FROM THE ARCHIVES: Looking back at the Church of Scientology’s 1970s battle with The State Hornet


Photo courtesy of SCIENTOLOGY MEDIA - CC BY-SA 2.0

‘We’ll tell the world.’ Those four words were hand-drawn on the front page of the first issue of The State Hornet, then called the Sacramento State College Hornet Bulletin, published on Jan. 14, 1949. We’ve been on a mission to do that ever since.

Jose Fabian

An almost four-year clash between the Church of Scientology, Sacramento State’s Associated Students, Inc. and The State Hornet ended with an all out media blitz in the 70s.

Issues arose when The State Hornet published a critical three-part series on the Church of Scientology.

“I didn’t know there was an issue until the start of that semester,” said Brian Blomster, who was editor-in-chief of The Hornet in 1978. Blomster is now the director of news and communication for Sac State.

When the original stories ran in 1974 and 1975, the church’s local chapter threatened to sue.

The suit named five defendants according to the original article: ASI, The State Hornet, then editor-in-chief Bruce Davis, the author of the original series Pat Badovinac and then faculty advisor Hal Rubin.

The stories, which were critical of the church and their practices, were published following the experiences of some Hornet staffers. In order to avoid a libel suit, ASI reached an agreement with the Church of Scientology that called for the State Hornet to publish stories which the Church of Scientology would submit.

The agreement also called for the stories to be published without any comment, disclaimer or editorializing.

Blomster was not the first editor-in-chief to be approached with the agreement. In the summer of 1977, Doug Curley was offered the same agreement.

“I received a letter from an attorney from ASI that a settlement had been reached, two years in the making,” Curley said.

“We’re not gonna do that,” said Curley about publishing the church’s stories. “Then I didn’t hear anything right away.”

Later that summer, Curley was invited to a meeting to try and compromise with ASI, but an agreement was never reached.

“I had to say (the agreement) goes against all journalism ethics,” Curley said.

Curley didn’t hear anything about it for the rest of the year.

“Maybe they were waiting for a new editor,” said Curley.

When Blomster became editor-in-chief, he said he received the agreement with a court order attached to it.

“My position was, ‘There’s no way we’re gonna do that,’” Blomster said. “It was a breach of so many journalistic ethics. So, consulting with members of my staff and the previous year’s editor, Doug Curley, we organized a media blitz.”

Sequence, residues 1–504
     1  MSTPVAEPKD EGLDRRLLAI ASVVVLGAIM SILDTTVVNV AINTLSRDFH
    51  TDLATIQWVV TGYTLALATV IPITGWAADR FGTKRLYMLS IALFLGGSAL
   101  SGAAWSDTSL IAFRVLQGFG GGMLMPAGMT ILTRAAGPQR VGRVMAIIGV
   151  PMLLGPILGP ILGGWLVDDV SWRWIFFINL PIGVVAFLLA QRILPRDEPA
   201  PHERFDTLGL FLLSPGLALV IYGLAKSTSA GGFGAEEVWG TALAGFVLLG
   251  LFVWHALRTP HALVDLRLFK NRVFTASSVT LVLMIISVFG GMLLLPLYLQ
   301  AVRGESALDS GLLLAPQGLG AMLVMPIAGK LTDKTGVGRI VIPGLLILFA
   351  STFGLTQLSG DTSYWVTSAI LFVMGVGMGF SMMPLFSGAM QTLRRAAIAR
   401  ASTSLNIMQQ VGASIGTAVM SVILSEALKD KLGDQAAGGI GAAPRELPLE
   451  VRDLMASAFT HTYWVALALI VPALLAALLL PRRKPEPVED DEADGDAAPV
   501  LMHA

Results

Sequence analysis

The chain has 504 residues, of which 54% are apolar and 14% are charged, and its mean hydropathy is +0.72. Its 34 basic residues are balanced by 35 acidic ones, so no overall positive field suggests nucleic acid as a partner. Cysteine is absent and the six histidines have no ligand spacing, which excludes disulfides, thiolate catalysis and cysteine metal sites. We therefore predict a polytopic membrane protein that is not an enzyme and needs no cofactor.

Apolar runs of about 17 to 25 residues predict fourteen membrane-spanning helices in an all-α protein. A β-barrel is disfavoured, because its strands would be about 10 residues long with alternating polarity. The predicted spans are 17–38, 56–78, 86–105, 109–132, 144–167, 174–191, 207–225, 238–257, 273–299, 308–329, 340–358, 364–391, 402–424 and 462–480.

They contacted the Sacramento Bee and local television stations about the issue.

“We wrote an editorial (and) had one of our journalism professors, professor Ruben, write something on our behalf,” said Blomster. “We figured we were gonna get shut down, so we were trying to run everything.”

The day everything ran, Curley remembers reporters and other media waiting for the ASI director and wanting to know about the story.

“We were standing up for the students of the university who we thought shouldn’t be subjected to something published without background,” said Blomster. “Like every other issue, it eventually recedes.”

“We felt threatened,” said Blomster about the agreement ASI wanted The State Hornet to abide by.

Blomster remembers feeling that The State Hornet would be ruined by such an agreement.

“The people around me didn’t wanna see it happen,” Blomster said.

The State Hornet is celebrating its 70th anniversary with stories from our archives. Below is the original article by Doug Curley, published September 29, 1978. For more throwback content, click here.

ASI’s Executive Director Paul McAmis

Scientology standoff

The Executive Board of the CSUS Associated Students Inc. and the Church of Scientology have settled out of court on a libel suit that had been pending for four year.

The suit was filed by the church in 1974 after the State hornet printed a critical three-part series on the church during spring semester 1974.

The articles were written by a staff reporter who had gone through initial steps of joining the church, but then became disenchanted with the organization after he and his wife invested $4,325 into the program.

The suit named five defendants: the ASI, the State Hornet, Bruce Davis, then editor of the Hornet, Pat Badovinac  — author of the articles, and Hal Rubin — faculty advisor of the student newspaper in 1974.

The agreed settlement calls for the Hornet to print one of three articles submitted by the church to ASI. Besides printing the article, the Hornet and other defendants are not allowed to comment publicly about the settlement.